Winter is New Mexico time for desert hiking!  We have had some great weather the past two months, sunny, cool and a little breezy.  Perfect.  And dry conditions are imperative due to the dirt roads required to get to these hikes.  All have been Northwest of Albuquerque in a region called the Rio Puerco Basin.  Of course, there is normally no water in the "Rio"!

First hike was in the official Ojito Wilderness.  We have been there many times but tried a mostly new route this time:  up and over Bernalillito Mesa, returning via the familiar Hoodoo Pines and colorful sandstone areas.

Our second hike was in the La Lena Wilderness Study Area.  We have done loop hikes in this northestern area of the WSA before, but today was an out and back walk partly along the CDT (Continental Divide Trail) to the best hoodoos areas (of course!).

Our third hike was a New Mexico Mountain Club outing to the Piedra Lumbre arroyo area.  Another place we have been to many times, but this was a new route that visited the tops of several mesas, along with the great scenery and hoodoos as usual.  There were also several old Navajo structures and the remains of log sweat lodges.  This was a rare Tuesday hike, thus nicknamed the "retirees" hike!

The fourth and last (so far) hike was back to the Piedra Lumbre arroyo, just the two of us.  It was an exploratory walk in the far west side of the area, new for us.  It turned out to be an abbreviated hike due to increasing clouds.  After two hours of meandering and exploring, we made a direct beeline back to the vehicle in just an hour, getting sprinkled on several times.  Not a problem for the hike itself, but a local downpour could turn the dirt roads into a muddy quagmire!  Luckily no real rain.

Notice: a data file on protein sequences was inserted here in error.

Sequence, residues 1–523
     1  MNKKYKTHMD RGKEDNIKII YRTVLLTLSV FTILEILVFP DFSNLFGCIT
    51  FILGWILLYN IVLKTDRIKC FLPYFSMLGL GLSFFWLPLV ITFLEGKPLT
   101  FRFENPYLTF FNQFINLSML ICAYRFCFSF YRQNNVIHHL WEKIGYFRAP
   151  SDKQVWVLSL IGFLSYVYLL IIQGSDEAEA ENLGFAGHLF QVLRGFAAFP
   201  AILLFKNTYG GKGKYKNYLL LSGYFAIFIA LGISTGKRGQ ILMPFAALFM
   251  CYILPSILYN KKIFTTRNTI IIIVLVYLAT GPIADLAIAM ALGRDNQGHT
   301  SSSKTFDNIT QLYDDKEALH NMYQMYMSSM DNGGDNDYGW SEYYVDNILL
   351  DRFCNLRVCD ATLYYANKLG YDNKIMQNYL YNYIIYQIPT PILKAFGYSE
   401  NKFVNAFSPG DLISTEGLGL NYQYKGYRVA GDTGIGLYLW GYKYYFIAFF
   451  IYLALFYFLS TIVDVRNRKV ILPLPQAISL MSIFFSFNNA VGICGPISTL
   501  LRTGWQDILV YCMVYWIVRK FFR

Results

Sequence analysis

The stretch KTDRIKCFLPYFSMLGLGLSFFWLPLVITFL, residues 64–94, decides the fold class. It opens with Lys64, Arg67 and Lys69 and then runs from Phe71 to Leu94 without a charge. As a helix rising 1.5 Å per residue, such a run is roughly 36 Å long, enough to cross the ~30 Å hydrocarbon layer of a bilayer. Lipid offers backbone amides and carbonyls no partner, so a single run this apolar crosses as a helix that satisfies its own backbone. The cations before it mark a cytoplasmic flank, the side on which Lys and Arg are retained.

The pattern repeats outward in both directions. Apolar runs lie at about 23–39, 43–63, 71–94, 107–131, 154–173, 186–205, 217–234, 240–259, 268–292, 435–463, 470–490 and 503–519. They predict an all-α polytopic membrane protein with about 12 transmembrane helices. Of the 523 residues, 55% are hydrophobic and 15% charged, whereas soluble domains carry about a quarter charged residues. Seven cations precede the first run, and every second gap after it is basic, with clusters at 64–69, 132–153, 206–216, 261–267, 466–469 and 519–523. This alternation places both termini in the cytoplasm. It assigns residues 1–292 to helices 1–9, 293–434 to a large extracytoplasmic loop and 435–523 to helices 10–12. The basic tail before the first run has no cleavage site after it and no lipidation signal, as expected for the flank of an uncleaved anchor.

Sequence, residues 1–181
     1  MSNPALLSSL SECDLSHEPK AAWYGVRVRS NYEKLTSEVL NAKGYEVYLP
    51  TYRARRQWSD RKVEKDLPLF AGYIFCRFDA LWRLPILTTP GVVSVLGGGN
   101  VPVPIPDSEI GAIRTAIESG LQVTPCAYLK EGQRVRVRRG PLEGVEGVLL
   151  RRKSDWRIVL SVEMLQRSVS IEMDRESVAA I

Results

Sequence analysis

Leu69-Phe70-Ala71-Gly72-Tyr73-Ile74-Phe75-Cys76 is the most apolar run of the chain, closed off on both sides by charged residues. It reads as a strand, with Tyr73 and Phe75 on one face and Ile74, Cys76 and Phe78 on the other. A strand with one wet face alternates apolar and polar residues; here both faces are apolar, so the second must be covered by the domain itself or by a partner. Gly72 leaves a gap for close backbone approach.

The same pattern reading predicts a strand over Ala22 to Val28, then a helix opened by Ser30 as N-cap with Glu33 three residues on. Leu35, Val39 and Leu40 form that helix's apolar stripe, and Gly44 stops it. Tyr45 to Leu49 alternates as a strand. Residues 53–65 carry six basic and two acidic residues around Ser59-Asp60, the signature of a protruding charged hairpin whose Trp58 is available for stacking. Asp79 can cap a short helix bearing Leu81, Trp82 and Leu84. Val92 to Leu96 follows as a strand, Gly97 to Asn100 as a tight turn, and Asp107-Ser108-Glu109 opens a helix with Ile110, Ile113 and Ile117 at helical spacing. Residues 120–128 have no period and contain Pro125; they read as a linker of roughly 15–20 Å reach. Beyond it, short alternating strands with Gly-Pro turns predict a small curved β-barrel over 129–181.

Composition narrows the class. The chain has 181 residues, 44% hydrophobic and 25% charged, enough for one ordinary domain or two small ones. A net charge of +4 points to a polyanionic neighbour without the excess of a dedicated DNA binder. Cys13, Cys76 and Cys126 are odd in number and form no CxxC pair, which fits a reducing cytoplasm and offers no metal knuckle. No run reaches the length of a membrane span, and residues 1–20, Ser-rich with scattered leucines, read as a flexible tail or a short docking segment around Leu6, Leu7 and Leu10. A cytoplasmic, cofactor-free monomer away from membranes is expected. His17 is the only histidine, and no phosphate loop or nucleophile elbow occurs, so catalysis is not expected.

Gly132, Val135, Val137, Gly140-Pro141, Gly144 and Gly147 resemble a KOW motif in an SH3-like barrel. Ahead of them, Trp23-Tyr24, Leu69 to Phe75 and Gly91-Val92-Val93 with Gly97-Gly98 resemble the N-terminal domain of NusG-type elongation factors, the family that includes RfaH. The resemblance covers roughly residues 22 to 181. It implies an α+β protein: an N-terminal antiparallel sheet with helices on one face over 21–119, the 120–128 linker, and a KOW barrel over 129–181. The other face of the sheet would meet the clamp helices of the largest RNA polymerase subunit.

Two more Winter hikes (though it's now spring)!  Tohajiilee is the name of the Navajo clan that surrounds the BLM land that we hiked on.  Lots of dirt road to get there, but all was dry and the weather was great.  This area has a lot of colorful red rocks and formations, small arches, and a sandstone "beehive" area.  Great outing!

The hike was just yesterday (Tuesday March 24).  The Sandstone Bluffs are in the El Malpais National Monument south of Grants, New Mexico.  A beautiful sandstone area of formations and large arches that borders the old lava flow from Mount Taylor.  The mountain (11,301 feet; we of course have been to the top several times) made a great snowy backdrop to some of the images.  It was a 7+ miles loop going along the top of the bluffs, dropping down to the lava level, then back along the base of the bluffs, finally huffing back to the top at the end.  There were four large arches along the rim, native american ruins (nothing more than rock piles now) with lots of pottery shards, and old homestead ruins.  Not sure who would like to homestead out there!

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